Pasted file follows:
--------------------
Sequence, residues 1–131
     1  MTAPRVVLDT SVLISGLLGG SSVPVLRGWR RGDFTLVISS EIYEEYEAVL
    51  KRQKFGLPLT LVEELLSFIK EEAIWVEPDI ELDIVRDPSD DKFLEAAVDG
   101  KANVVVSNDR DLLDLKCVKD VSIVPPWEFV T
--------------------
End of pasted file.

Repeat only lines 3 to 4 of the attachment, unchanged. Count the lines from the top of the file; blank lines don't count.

    51  KRQKFGLPLT LVEELLSFIK EEAIWVEPDI ELDIVRDPSD DKFLEAAVDG
   101  KANVVVSNDR DLLDLKCVKD VSIVPPWEFV T